44. Riediger T, Bothe C, Becskei C, et al. (2004) Peptide YY directly inhibits ghrelin-activated neurons of the arcuate nucleus and reverses fasting-induced c-Fos expression. Neuroendocrinology 79, 317–326.
45. Batterham RL, Cohen MA, Ellis SM, et al. (2003) Inhibi-tion of food intake in obese subjects by peptide YY3-36. N Engl J Med 349, 941–948.
46. Adams SH, Lei C, Jodka CM, et al. (2006) PYY[3-36] administration decreases the respiratory quotient and reduces adiposity in diet-induced obese mice. J Nutr 136, 195–201.
47. Koegler FH, Enriori PJ, Billes SK, et al. (2005) Peptide YY(3-36) inhibits morning, but not evening, food intake and decreases body weight in rhesus macaques. Diabetes 54, 3198–3204.
48. Talsania T, Anini Y, Siu S, et al. (2005) Peripheral exendin-4 and peptide YY(3-36) synergistically reduce food intake through different mechanisms in mice. Endocrinology 146, 3748–3756.
49. Roth JD, Coffey T, Jodka CM, et al. (2007) Combination therapy with amylin and peptide YY[3–36] in obese rodents: anorexigenic synergy and weight loss additivity. Endocrinology 148, 6054–6061.
50. Orskov C, Wettergren A & Holst JJ (1996) Secretion of the incretin hormones glucagon-like peptide-1 and gastric inhibitory polypeptide correlates with insulin secretion in normal man throughout the day. Scand J Gastroenterol 31, 665–670.
51. Kreymann B, Williams G, Ghatei MA, et al. (1987) Glu-cagon-like peptide-1 7-36: a physiological incretin in man. Lancet 2, 1300–1304.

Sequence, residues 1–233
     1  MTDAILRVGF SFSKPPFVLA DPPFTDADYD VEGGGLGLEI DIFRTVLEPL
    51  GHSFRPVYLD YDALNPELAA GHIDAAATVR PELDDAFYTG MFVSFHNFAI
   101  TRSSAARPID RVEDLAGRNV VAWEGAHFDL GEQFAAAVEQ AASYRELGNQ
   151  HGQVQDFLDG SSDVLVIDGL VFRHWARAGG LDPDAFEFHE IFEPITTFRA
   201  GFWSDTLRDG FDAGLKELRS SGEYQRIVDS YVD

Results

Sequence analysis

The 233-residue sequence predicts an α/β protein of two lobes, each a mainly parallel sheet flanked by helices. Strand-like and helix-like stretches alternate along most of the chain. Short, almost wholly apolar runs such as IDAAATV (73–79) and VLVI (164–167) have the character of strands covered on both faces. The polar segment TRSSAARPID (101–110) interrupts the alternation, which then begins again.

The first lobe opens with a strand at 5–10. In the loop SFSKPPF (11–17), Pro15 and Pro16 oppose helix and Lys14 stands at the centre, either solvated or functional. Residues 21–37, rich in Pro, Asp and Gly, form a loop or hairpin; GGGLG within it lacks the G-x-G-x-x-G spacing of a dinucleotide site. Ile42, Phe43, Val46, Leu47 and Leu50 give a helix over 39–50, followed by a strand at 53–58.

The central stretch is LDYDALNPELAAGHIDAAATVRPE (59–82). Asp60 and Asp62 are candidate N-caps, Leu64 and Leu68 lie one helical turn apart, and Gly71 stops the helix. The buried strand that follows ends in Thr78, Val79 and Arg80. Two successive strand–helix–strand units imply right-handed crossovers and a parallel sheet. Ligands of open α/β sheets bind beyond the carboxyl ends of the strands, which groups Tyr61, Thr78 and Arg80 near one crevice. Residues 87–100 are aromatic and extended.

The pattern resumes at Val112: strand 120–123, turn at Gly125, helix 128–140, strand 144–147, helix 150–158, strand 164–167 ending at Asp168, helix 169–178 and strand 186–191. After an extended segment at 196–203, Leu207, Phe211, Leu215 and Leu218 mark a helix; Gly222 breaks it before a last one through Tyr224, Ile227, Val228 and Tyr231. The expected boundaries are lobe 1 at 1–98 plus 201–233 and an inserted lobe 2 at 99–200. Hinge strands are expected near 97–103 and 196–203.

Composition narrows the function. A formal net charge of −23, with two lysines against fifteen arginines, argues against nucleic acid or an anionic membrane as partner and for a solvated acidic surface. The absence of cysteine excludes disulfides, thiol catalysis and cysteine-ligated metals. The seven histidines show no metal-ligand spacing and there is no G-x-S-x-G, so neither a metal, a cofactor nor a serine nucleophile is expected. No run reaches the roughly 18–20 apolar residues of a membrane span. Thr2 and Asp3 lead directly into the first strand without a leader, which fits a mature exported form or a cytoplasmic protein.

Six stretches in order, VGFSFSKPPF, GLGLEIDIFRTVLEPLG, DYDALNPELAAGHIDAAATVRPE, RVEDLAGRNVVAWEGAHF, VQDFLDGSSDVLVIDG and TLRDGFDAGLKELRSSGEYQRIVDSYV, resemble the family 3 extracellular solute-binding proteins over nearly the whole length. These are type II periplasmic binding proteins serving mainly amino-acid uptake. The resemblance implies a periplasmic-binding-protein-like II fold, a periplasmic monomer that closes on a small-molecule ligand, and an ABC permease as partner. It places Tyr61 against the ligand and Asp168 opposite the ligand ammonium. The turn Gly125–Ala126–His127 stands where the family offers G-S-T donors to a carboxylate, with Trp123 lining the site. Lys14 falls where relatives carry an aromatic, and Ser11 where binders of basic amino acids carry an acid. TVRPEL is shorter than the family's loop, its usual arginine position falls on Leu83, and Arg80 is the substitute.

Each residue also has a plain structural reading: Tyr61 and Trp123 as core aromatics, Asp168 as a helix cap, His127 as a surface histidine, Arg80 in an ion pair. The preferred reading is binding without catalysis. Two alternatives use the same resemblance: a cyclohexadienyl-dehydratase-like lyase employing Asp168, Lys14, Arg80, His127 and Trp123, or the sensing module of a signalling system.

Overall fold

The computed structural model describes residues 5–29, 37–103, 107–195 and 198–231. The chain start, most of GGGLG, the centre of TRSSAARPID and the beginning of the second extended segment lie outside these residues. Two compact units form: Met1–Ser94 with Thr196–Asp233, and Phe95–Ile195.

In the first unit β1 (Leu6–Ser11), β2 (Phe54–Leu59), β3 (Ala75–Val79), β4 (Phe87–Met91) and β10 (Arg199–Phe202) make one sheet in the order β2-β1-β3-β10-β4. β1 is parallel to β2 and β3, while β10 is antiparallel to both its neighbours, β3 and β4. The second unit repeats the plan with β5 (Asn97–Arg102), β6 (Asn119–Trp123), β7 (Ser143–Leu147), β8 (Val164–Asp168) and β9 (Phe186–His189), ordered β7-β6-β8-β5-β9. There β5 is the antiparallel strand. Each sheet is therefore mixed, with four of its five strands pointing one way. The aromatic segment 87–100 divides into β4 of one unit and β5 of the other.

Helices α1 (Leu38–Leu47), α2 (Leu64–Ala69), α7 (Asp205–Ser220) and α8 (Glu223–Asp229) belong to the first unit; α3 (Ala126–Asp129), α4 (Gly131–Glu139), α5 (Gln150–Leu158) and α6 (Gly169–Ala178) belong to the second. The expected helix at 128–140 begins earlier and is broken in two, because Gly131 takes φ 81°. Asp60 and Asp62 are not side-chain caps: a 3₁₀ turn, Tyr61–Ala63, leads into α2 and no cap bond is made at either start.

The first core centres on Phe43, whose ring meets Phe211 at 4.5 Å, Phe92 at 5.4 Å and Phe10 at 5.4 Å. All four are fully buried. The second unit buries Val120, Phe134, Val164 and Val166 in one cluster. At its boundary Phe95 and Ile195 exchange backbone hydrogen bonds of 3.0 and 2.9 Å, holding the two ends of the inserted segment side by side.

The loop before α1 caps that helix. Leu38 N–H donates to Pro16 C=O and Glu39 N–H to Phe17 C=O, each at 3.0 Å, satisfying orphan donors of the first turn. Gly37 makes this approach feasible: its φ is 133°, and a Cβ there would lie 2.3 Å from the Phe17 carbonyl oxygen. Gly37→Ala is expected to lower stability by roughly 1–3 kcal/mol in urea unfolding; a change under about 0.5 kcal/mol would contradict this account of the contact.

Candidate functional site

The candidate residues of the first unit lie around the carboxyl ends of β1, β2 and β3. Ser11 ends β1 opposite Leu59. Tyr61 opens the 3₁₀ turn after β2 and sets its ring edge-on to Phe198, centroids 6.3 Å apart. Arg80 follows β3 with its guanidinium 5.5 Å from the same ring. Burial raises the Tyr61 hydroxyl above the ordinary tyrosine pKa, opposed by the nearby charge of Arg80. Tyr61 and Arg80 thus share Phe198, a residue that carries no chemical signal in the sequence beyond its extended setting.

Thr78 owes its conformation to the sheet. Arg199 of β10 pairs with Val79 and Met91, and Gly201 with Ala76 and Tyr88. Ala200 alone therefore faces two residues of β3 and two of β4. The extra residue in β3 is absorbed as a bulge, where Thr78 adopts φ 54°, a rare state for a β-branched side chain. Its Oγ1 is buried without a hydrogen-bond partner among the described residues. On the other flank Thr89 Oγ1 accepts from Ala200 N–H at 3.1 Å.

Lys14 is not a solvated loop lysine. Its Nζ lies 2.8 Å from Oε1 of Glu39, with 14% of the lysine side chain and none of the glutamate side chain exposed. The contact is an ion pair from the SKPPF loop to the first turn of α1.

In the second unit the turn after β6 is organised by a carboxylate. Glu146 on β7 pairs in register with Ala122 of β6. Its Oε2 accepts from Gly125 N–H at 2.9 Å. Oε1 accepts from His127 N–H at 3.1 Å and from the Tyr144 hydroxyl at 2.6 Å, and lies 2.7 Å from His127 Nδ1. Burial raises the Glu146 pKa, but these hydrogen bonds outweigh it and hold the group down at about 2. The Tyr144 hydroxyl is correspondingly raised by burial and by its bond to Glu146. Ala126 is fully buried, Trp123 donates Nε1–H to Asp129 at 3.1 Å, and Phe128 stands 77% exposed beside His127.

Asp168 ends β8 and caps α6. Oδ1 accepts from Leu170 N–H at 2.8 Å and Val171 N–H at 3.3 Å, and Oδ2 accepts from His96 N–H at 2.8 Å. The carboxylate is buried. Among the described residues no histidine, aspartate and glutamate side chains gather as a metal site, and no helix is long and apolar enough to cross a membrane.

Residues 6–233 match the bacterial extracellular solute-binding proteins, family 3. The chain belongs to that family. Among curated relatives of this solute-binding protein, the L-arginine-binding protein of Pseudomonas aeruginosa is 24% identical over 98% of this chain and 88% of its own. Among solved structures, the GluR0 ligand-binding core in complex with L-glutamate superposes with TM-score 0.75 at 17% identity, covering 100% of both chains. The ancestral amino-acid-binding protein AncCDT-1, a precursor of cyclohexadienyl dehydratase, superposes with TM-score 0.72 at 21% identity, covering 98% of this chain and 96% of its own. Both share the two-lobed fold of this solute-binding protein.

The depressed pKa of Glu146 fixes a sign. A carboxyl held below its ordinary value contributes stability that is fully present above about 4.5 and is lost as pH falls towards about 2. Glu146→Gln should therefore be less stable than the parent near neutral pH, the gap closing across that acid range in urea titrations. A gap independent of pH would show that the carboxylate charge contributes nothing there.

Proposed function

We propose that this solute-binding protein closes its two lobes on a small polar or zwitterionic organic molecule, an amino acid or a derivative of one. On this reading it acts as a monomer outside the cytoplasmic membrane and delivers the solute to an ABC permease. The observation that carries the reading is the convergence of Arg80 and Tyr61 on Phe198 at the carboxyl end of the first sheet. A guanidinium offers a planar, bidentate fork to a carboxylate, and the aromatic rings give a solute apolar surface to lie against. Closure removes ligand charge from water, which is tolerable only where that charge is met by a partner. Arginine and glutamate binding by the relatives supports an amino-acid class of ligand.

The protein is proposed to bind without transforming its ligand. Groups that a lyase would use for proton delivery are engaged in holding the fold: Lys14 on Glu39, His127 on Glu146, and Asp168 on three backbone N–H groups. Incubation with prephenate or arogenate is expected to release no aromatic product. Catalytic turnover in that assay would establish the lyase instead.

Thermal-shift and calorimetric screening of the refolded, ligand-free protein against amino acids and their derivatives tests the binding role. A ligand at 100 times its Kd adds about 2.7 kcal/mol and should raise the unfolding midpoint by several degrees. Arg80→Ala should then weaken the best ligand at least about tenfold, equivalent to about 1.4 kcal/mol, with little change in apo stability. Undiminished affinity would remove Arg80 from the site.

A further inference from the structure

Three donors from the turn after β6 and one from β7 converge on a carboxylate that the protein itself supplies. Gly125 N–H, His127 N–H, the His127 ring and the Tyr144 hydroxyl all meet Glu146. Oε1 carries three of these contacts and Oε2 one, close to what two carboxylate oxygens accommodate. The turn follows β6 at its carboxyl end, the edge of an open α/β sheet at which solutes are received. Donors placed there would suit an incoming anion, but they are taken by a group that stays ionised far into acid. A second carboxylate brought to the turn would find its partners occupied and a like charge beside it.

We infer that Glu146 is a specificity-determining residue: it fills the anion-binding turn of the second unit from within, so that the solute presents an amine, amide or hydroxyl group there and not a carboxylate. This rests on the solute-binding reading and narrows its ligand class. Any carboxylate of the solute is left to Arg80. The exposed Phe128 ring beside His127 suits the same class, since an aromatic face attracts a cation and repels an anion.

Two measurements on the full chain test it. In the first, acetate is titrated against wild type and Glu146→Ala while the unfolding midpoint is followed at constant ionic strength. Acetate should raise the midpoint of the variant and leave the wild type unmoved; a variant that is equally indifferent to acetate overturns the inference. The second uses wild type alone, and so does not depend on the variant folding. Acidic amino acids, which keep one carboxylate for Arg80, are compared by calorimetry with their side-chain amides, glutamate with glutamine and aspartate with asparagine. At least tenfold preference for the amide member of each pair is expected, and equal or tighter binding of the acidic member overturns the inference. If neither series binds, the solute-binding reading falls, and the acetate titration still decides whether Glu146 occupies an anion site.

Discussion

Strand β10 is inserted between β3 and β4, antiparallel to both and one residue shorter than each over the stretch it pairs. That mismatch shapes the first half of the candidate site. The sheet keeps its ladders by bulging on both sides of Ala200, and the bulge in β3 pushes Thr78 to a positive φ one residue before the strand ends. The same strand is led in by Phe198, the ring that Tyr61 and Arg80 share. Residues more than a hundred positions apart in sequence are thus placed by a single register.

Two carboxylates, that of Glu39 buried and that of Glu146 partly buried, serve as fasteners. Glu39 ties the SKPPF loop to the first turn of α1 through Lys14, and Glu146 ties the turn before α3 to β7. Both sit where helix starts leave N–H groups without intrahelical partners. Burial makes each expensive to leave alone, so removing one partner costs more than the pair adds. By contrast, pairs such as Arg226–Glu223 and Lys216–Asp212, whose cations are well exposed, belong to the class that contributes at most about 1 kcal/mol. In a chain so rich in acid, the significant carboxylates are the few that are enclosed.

52. Holst JJ (2007) The physiology of glucagon-like peptide 1. Physiol Rev 87, 1409–1439.
53. Larsen PJ, Tang-Christensen M, Holst JJ, et al. (1997) Distribution of glucagon-like peptide-1 and other pre-proglucagon-derived peptides in the rat hypothalamus and brainstem. Neuroscience 77, 257–270.
54. Merchenthaler I, Lane M & Shughrue P (1999) Distribution of pre-pro-glucagon and glucagon-like peptide-1 receptor messenger RNAs in the rat central nervous system. J Comp Neurol 403, 261–280.
55. Alvarez E, Roncero I, Chowen JA, et al. (1996) Expression of the glucagon-like peptide-1 receptor gene in rat brain. J Neurochem 66, 920–927.
56. Turton MD, O’Shea D, Gunn I, et al. (1996) A role for glucagon-like peptide-1 in the central regulation of feeding. Nature 379, 69–72.
57. Rodriquez de Fonseca F, Navarro M, Alvarez E, et al. (2000) Peripheral versus central effects of glucagon-like peptide-1 receptor agonists on satiety and body weight loss in Zucker obese rats. Metab Clin Exp 49, 709–717. 58. Dakin CL, Small CJ, Batterham RL, et al. (2004) Peripheral
oxyntomodulin reduces food intake and body weight gain in rats. Endocrinology 145, 2687–2695.
59. Reidelberger RD, Haver AC, Apenteng BA, et al. (2011) Effects of exendin-4 alone and with peptide YY(3-36) on food intake and body weight in diet-induced obese rats. Obesity (Silver Spring) 19, 121–127.
60. Verdich C, Flint A, Gutzwiller JP, et al. (2001) A meta-analysis of the effect of glucagon-like peptide-1 (7-36) amide on ad libitum energy intake in humans. J Clin Endocrinol Metab 86, 4382–4389.
61. Ruttimann EB, Arnold M, Hillebrand JJ, et al. (2009) Intrameal hepatic portal and intraperitoneal infusions of glucagon-like peptide-1 reduce spontaneous meal size in the rat via different mechanisms. Endocrinology 150, 1174–1181.
62. Punjabi M, Arnold M, Geary N, et al. (2011) Peripheral glucagon-like peptide-1 (GLP-1) and satiation. Physiol Behav 105, 71–76.
63. Le Quellec A, Kervran A, Blache P, et al. (1992) Oxynto-modulin-like immunoreactivity: diurnal profile of a new potential enterogastrone. J Clin Endocrinol Metab 74, 1405–1409.
64. Baggio LL, Huang Q, Brown TJ, et al. (2004) Oxyntomo-dulin and glucagon-like peptide-1 differentially regulate murine food intake and energy expenditure. Gastro-enterology 127, 546–558.
65. Sandoval DA, Bagnol D, Woods SC, et al. (2008) Arcuate glucagon-like peptide 1 receptors regulate glucose homeostasis but not food intake. Diabetes 57, 2046–2054.
66. Dakin CL, Gunn I, Small CJ, et al. (2001) Oxyntomodulin inhibits food intake in the rat. Endocrinology 142, 4244– 4250.